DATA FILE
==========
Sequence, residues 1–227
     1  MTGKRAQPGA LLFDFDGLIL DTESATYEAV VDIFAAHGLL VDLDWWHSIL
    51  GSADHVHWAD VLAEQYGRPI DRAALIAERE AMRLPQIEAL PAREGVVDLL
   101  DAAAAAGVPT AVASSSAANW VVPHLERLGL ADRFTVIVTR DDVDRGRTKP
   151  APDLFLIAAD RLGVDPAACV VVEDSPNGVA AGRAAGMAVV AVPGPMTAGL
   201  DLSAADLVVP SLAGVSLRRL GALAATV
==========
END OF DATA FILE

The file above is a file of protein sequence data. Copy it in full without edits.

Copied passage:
Sequence, residues 1–227
     1  MTGKRAQPGA LLFDFDGLIL DTESATYEAV VDIFAAHGLL VDLDWWHSIL
    51  GSADHVHWAD VLAEQYGRPI DRAALIAERE AMRLPQIEAL PAREGVVDLL
   101  DAAAAAGVPT AVASSSAANW VVPHLERLGL ADRFTVIVTR DDVDRGRTKP
   151  APDLFLIAAD RLGVDPAACV VVEDSPNGVA AGRAAGMAVV AVPGPMTAGL
   201  DLSAADLVVP SLAGVSLRRL GALAATV